That depends a great deal on your profession and your work contract. In some cases, it’s a good idea to tell your employer the truth, to fully disclose your problem, and to fully disclose treatment. This can help you to get assistance from your employer, to aid your employer in providing a drug and alcohol-free environment, and to ensure that your future relationship is one built on trust.
Many people balk here for a number of reasons. For example, if your workplace has a no drug policy and regularly uses drug testing, disclosing your substance use disorder may result in difficulties. However, your employer is obligated under the ADA to treat your personal medical needs and records as confidential. This extends to your mental and physical disorders, including substance use disorder and treatment.
It’s important to consider that your employer or colleagues may already suspect something is wrong. However, there are instances when it may not be a good idea to disclose substance abuse to your employer:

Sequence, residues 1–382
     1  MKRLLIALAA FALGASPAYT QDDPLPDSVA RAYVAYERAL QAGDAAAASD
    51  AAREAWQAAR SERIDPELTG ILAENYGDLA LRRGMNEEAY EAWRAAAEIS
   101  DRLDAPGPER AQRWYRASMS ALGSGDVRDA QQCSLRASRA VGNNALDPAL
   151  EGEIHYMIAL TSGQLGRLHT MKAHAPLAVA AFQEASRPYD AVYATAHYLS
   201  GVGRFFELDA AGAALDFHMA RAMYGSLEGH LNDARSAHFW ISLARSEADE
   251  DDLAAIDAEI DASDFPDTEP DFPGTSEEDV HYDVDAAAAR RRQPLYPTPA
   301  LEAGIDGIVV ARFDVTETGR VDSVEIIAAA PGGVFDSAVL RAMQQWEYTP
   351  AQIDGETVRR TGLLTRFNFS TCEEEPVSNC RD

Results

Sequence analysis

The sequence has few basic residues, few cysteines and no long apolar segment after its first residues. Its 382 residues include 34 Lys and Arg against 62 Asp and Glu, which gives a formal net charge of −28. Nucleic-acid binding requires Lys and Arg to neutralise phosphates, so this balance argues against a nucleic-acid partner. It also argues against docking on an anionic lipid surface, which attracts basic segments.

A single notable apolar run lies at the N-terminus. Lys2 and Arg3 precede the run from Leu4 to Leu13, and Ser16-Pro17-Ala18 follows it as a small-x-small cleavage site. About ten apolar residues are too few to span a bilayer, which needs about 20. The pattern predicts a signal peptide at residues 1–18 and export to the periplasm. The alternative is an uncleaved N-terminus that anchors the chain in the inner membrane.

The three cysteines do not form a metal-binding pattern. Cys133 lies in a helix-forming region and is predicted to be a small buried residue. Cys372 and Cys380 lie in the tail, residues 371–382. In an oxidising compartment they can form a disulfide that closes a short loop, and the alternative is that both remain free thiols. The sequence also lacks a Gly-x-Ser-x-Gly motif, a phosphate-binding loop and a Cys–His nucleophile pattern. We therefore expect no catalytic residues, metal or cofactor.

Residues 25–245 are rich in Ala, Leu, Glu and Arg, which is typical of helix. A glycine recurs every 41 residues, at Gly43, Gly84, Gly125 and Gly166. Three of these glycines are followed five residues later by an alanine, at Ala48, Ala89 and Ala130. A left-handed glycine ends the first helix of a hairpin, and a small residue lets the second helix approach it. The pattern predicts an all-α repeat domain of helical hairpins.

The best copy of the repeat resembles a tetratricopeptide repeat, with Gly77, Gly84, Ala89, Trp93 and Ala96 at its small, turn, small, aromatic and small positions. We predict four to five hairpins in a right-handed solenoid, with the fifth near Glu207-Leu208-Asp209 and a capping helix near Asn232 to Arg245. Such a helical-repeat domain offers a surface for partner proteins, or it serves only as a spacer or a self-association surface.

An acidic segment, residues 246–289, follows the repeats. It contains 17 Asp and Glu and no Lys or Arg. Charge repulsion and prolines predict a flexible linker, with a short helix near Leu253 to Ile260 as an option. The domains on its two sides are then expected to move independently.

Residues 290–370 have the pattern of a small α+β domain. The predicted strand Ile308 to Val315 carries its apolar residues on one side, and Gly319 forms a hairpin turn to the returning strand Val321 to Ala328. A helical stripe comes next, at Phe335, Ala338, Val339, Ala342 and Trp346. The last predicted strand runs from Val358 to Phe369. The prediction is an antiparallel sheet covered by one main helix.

- You work in a field where moral character is required. For example, lawyers may be disbarred for representing a client while under the influence
- You have been under the influence or used a substance while in the workplace
- You know that your substance use has affected work or quality of work
In each case, you have a moral and business decision to make. On the one hand, you want to keep your career and you want to improve and have the grounds to get better and to be better. On the other hand, if your actions have hurt or potentially hurt clients or other people or otherwise caused damages, not taking responsibility may be wrong. If you are in doubt, it is always a good idea to consult an attorney.
- Many employee contracts allow them to terminate you for drug use while at work
- Any moral character clauses allow for termination should that clause be breached, such as by substance abuse in the workplace
- Your employer may launch an investigation to ensure that your substance abuse has not affected work or caused harm. If so, you will likely lose your job.
It’s normally a good idea to prevent disclosure to clients or customer base as a whole. Many careers heavily depend on reputation, and your employer may be forced to terminate you should your substance use become public knowledge.